I was in self-isolation for 14 days because there was a very remote possibility that I travelled by Montreal metro to the McGill stop between 10:55 and 11:20 AM in the same direction (but hopefully not the same metro car) as someone who tested positive with COVID-19.  So, my cat Ollie and I got to know each other a whole lot better.  Daily contact with my financial advisor and the rest of the outside world via text, phone, Facebook, email, WhatsApp ensured that I did not become a total hermit.  Thank goodness I am a closet introvert.  Extroverts must have an extremely difficult time with this isolation.

Much ado about handwashing
Joe Schwartz, our very own McGill whistleblower on pseudo science, calls many of the treatments being touted on the internet as “quackery”, and says that competent handwashing (with soap) and washing surfaces with bleach or hydrogen peroxide are the best ways to de-activate the virus:  Dr. Joe handwashing.  I am almost mortified to admit that at age 65 I have learned something that I should have learned in kindergarten – how to properly wash my hands.   It’s a miracle that I have survived this long with my sub-standard hand hygiene!    Better late than never.   As for the N95 mask that contains the escape of any small particles; it should be used ONLY by sick people (not healthy ones), and by health care providers.  (Surgical masks are less effective; a mask won’t protect you.  Washing your hands will.)  Oh, and, by the way, Dr. Joe also says that there is “zero evidence” of any germ warfare.  Dr. Joe on COVID-19.

Educating the Public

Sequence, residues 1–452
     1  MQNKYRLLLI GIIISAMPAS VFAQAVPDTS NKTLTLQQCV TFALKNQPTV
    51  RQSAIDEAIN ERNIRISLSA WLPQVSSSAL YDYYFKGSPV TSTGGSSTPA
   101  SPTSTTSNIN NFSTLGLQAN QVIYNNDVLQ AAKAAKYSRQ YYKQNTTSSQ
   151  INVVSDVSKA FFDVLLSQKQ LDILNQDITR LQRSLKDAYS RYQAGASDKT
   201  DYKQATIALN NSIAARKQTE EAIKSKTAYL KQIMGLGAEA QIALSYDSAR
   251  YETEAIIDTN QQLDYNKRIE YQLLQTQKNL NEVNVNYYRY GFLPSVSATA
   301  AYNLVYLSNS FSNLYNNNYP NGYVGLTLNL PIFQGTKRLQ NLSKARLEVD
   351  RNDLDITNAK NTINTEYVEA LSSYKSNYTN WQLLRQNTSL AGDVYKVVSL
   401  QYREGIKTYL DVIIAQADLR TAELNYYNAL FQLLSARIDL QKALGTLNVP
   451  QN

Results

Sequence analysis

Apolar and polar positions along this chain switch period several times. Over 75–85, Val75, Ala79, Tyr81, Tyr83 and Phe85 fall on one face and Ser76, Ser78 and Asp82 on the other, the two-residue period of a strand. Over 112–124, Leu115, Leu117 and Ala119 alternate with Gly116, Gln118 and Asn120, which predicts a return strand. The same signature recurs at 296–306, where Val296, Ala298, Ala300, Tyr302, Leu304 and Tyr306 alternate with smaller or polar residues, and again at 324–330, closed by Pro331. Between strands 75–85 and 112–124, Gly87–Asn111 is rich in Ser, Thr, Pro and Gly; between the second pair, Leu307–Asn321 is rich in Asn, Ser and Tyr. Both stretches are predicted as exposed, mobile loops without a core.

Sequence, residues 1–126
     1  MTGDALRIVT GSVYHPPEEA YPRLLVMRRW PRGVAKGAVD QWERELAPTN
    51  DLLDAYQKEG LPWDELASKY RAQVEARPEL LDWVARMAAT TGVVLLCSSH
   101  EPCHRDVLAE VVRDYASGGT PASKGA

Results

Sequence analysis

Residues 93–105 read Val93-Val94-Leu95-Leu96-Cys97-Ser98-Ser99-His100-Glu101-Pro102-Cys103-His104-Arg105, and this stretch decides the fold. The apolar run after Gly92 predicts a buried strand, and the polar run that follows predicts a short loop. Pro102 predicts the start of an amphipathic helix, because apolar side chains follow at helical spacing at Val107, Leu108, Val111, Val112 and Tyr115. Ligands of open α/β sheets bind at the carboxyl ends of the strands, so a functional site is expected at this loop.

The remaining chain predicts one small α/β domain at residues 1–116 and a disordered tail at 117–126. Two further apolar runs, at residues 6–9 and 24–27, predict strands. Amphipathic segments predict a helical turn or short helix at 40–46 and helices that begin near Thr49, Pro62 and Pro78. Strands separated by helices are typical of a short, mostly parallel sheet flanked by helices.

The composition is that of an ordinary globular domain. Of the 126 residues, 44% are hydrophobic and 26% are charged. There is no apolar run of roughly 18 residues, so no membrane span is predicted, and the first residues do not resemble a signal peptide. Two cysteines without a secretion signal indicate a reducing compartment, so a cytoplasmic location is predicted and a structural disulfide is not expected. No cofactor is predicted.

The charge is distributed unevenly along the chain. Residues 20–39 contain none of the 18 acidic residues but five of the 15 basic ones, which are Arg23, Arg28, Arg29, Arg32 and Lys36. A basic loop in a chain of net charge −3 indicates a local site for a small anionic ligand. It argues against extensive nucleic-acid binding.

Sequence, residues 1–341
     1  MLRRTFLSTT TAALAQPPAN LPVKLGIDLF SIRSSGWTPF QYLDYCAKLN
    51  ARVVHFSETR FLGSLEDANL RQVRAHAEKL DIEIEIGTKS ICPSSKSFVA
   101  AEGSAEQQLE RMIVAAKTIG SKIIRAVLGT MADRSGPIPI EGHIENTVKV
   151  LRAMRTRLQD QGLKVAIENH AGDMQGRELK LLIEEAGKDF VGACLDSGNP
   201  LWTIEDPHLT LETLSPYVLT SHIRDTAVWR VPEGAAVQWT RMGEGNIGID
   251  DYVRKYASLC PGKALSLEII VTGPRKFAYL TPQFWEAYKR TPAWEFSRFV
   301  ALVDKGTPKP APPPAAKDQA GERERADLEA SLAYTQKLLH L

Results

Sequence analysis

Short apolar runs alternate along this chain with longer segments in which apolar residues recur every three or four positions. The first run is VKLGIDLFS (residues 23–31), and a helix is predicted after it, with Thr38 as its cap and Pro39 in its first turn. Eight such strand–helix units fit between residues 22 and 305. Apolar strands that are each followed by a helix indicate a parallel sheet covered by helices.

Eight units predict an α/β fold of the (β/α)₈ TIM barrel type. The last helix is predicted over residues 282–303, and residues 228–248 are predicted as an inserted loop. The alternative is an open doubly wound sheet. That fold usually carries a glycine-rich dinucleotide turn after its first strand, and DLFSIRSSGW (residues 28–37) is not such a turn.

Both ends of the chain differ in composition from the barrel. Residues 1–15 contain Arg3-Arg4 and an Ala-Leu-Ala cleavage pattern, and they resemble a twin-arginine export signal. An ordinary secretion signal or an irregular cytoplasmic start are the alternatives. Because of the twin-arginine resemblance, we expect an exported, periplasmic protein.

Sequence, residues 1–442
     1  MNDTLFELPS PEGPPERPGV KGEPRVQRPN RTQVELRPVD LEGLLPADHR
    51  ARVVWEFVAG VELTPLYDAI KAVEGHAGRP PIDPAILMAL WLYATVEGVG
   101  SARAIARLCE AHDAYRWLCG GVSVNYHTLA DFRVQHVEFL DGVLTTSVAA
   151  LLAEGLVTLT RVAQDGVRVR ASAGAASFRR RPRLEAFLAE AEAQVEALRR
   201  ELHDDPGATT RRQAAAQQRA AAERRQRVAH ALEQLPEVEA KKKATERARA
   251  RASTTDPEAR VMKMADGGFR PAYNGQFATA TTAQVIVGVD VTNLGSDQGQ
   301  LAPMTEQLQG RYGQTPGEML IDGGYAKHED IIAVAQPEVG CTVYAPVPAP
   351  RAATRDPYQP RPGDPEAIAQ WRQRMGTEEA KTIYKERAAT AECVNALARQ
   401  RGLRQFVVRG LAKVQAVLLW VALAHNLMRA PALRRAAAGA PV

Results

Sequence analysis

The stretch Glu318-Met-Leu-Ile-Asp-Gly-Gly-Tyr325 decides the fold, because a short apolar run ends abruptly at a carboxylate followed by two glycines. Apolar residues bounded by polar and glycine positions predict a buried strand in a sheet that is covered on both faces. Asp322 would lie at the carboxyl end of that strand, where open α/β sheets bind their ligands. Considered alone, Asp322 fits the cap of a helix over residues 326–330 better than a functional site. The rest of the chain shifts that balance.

Tim Evans, Inaugural Director and Associate Dean of the School of Population and Global Health (SPGH) in McGill’s Faculty of Medicine and Associate Dean (Global Policy and Innovation), appeared in an alumni webcast on February 5 with Dr. Chen Liang, Interim Director of the McGill AIDS Centre and member of the McGill Interdisciplinary Initiative in Infection and Immunity Scientific Advisory Committee.  Dr. Evans reminds us that the global capacity to deal with a crisis like this is “only as strong as our weakest link. Anyone’s health anywhere is impacted by everyone’s health everywhere.”  He explains what may seem to be an overreaction is simply the powers that be erring on the side of caution, which is far better for public health than the opposite scenario – not doing enough.  During a time of uncertainty about this virus, he tells us that it is better to take a proactive path, rather than regretting that we should have done more.  Need we mention Italy at this point?  Dr. Evans also notes that 86% of COVID-19 transmission in China was traced back to those who were asymptomatic.  One can’t be too careful at a time like this. Like Dr. Joe, Dr. Evans encourages us to use evidence-based, reliable sources of information such as Canada’s Public Health Agency and the World Health organization (WHO).  He also announced optimistically that the Coalition for Epidemic Preparedness Innovations (CEPI) has 3 vaccines in early stage trials.  Dr. Marcel Behr, Co-Director, McGill Interdisciplinary Initiative in Infection and Immunity (Mi4) and Interim Director of McGill Infectious Diseases Division, appeared with Dr. Evans in a second alumni webcast on March 19.  Dr. Behr has this advice for anyone showing symptoms:  stay at home and eat chicken soup. Take care of yourself.  If you are too sick to manage at home and have a pre-existing condition, are elderly, or need oxygen or some other treatment that cannot be provided at home, arrange to be tested.  Go to the hospital.